Framework Decision 2002/584 seeks, by the establishment of a simplified and effective system for the surrender of persons convicted or accused of having infringed criminal law, to facilitate and accelerate judicial cooperation with a view to contributing to the objective set for the European Union to become an area of freedom, security and justice, founded on the high level of trust which should exist between the Member States in accordance with the principle of mutual recognition (judgment of 22 December 2017, Ardic, C‑571/17 PPU, EU:C:2017:1026, paragraph 69 and the case-law cited).

37

The issuing of a European arrest warrant may thus have two distinct aims, as laid down in Article 1(1) of Framework Decision 2002/584. It may be issued either for the purposes of conducting a criminal prosecution in the issuing Member State or for the purposes of executing a custodial sentence or detention order in that Member State (see, to that effect, judgment of 21 October 2010, B., C‑306/09, EU:C:2010:626, paragraph 49).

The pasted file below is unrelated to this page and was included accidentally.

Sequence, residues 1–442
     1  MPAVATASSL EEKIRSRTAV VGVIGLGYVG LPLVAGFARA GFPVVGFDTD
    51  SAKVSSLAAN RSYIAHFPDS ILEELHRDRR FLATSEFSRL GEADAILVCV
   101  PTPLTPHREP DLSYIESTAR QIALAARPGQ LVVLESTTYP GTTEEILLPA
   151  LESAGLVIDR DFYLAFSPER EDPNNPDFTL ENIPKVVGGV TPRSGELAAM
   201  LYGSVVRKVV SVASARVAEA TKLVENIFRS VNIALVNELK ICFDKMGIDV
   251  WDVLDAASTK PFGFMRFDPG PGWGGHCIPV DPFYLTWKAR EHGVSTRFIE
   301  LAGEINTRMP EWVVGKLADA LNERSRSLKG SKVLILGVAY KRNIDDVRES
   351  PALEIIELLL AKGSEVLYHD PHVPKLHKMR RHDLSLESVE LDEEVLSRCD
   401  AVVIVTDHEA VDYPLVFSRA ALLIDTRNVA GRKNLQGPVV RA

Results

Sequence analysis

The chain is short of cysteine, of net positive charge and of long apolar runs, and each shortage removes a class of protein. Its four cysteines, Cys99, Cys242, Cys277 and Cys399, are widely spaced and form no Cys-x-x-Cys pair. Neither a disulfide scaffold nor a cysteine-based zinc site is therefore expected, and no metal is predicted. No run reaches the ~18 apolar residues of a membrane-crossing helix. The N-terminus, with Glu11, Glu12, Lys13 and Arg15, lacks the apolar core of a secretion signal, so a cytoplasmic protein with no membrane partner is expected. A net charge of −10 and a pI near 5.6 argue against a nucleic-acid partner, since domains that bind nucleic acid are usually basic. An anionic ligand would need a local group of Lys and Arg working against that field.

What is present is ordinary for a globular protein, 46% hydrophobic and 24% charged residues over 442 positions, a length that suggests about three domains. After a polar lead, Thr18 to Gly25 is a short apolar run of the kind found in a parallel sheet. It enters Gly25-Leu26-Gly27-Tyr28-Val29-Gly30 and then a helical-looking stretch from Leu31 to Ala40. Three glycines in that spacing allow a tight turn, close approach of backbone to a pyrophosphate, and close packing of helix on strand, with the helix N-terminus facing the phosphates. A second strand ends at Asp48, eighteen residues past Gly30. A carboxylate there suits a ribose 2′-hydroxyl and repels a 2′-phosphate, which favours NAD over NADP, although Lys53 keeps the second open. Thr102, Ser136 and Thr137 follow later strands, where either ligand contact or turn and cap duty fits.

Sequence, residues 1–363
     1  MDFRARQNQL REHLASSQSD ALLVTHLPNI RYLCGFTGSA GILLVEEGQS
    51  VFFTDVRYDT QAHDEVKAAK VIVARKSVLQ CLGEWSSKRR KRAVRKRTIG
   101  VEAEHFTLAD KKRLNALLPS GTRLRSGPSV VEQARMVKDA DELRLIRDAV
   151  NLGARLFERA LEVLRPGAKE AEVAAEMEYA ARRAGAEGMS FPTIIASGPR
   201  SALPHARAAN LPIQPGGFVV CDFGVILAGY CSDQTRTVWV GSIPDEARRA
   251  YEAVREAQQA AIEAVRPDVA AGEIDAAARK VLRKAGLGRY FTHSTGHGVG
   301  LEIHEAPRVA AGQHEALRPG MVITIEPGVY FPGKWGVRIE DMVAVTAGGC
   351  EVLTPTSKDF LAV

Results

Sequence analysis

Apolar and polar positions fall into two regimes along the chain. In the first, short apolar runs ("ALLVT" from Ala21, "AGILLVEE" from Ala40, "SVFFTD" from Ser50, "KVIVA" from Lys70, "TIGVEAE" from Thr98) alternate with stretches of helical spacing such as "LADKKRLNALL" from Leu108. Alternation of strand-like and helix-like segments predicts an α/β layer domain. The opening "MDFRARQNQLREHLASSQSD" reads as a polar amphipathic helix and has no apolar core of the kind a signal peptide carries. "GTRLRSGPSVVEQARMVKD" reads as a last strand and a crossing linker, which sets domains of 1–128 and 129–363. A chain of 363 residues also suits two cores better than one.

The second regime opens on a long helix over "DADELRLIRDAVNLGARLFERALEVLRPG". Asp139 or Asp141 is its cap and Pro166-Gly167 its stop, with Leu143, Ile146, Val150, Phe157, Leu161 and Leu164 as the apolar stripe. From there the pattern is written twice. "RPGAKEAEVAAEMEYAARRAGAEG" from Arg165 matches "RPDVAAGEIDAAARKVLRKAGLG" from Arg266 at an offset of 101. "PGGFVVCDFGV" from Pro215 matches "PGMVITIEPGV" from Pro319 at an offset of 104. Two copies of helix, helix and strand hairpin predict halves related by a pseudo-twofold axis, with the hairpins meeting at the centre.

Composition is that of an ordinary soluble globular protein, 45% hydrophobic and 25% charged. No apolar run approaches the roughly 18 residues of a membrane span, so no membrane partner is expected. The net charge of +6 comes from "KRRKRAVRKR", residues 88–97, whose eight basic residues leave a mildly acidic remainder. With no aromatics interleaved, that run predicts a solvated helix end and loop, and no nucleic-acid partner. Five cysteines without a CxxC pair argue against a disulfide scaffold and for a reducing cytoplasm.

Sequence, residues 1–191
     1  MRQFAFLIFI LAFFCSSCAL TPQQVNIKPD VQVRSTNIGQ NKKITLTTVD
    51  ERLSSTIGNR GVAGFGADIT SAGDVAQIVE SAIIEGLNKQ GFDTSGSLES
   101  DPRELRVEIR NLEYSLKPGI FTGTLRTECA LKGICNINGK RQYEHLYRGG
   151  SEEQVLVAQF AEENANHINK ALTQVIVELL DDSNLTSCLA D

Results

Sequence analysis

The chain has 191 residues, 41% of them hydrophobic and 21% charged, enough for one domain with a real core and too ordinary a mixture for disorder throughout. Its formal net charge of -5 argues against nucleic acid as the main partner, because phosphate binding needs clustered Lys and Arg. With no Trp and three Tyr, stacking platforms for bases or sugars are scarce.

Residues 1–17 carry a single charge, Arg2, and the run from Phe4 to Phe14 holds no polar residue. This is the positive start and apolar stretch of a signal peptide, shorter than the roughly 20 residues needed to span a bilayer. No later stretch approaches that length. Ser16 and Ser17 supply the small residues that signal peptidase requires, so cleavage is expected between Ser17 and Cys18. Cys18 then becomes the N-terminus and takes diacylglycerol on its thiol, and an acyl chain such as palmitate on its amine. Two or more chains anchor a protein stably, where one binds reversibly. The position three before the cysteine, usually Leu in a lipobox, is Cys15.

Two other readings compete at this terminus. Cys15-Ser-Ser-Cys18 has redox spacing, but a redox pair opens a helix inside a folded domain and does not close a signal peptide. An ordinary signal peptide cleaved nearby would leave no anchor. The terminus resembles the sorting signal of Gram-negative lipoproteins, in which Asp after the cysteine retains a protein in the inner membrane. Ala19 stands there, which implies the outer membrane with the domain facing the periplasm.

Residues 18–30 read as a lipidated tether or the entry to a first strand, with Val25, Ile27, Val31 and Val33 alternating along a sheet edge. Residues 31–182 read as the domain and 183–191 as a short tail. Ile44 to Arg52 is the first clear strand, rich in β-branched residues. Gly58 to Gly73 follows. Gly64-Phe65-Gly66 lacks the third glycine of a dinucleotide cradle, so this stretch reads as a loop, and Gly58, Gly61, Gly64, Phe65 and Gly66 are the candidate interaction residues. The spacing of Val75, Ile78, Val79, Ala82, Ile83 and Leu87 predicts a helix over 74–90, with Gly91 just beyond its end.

38

Therefore, in so far as the European arrest warrant facilitates free movement of judicial decisions, prior to judgment, in relation to conducting a criminal prosecution, it must be held that those authorities which, under national law, are competent to adopt such decisions are capable of falling within the scope of the framework decision.

39

It follows from the considerations set out in paragraphs 29 to 38 of the present judgment that an authority, such as a public prosecutor’s office, which is competent, in criminal proceedings, to prosecute a person suspected of having committed a criminal offence so that that person may be brought before a court, must be regarded as participating in the administration of justice of the relevant Member State.

40

In the present case, it is clear from the information in the case file before the Court that the Prosecutor General of Lithuania has an essential role in the conduct of criminal proceedings in that Member State.

41